Near the end of his anti-gay marriage article in today’s Age, Ted Lapkin does get to some substantive reasons why he thinks gay marriage is a bad idea. But much of the article is devoted to the slippery slope argument that once we have gay marriage we will slide into things we really don’t like, such as legal recognition of polygamy and decriminalising incest.
I don’t disagree with Lapkin that issues can develop their own logics, and that one change can make another change more likely. I think we are now nearing the base of a moderately slippery slope on gay issues. Once the state gave up on the idea of actively persecuting gay people for acting on their sexual desires, it became harder and harder to defend all the other ways in which the law disadvantaged them.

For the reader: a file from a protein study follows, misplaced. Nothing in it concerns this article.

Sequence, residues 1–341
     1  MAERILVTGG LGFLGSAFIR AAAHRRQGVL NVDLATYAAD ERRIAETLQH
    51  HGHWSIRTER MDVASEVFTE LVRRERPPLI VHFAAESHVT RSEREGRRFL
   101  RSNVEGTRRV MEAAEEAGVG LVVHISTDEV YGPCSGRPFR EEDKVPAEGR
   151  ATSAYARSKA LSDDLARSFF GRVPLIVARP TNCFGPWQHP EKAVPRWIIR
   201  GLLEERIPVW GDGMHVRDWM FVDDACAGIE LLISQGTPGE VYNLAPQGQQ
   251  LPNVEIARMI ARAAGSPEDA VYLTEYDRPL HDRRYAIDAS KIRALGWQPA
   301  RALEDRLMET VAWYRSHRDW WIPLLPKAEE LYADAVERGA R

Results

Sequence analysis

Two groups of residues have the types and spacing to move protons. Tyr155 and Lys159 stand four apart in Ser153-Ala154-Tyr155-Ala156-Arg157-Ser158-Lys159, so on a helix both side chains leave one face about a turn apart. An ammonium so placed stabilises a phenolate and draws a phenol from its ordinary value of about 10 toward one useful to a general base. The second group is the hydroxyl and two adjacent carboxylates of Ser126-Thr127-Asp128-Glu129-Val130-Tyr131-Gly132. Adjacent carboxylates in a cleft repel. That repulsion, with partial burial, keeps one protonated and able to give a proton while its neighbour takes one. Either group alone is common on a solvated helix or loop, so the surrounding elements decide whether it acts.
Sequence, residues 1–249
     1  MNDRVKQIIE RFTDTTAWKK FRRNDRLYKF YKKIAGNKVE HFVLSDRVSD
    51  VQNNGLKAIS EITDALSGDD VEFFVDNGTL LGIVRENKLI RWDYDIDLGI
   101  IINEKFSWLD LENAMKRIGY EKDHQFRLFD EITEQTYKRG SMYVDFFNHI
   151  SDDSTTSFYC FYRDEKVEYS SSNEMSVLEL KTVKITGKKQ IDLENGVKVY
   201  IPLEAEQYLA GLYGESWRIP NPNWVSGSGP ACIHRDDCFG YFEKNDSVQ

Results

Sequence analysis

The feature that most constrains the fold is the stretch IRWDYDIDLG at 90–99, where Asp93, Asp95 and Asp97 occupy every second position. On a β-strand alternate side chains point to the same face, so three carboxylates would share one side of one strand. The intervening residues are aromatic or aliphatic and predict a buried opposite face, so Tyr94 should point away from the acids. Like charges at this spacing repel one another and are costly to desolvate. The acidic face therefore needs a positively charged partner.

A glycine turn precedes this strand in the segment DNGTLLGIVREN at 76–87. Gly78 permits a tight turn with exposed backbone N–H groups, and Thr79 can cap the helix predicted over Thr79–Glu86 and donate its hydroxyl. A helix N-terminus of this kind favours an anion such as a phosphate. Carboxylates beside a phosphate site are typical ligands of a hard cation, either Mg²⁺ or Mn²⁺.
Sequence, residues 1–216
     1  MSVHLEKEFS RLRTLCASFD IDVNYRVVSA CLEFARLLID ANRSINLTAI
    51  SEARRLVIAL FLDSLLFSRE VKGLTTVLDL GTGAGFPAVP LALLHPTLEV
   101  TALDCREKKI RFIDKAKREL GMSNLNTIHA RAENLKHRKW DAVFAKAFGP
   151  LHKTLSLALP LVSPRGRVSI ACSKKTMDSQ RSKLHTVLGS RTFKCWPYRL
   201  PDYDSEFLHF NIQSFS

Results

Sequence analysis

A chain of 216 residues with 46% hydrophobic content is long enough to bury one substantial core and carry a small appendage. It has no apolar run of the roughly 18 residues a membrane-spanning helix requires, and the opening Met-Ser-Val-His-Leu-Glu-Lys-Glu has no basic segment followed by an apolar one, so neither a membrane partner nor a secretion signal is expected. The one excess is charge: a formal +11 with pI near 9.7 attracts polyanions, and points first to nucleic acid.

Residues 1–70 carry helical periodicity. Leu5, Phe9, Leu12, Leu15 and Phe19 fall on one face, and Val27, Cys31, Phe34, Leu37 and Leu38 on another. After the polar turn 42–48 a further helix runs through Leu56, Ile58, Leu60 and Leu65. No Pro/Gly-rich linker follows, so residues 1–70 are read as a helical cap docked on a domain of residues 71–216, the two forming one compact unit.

Lapkin himself says that everyone, gay or straight, is entitled to identical protections from the law – something that few conservative defenders of the family would have said until quite recently. Once you are sliding on the slippery slope, it can be hard to stop. The last conservative stand on gay issues at the Marriage Act is no more likely to succeed in the end than any of the other battles along the way.
The question then is not whether slippery slopes exist, but whether you can slide from one slope to another in any kind of deterministic fashion (“The floodgates will inevitably open to a further slide down the slippery slope of social disintegration”.)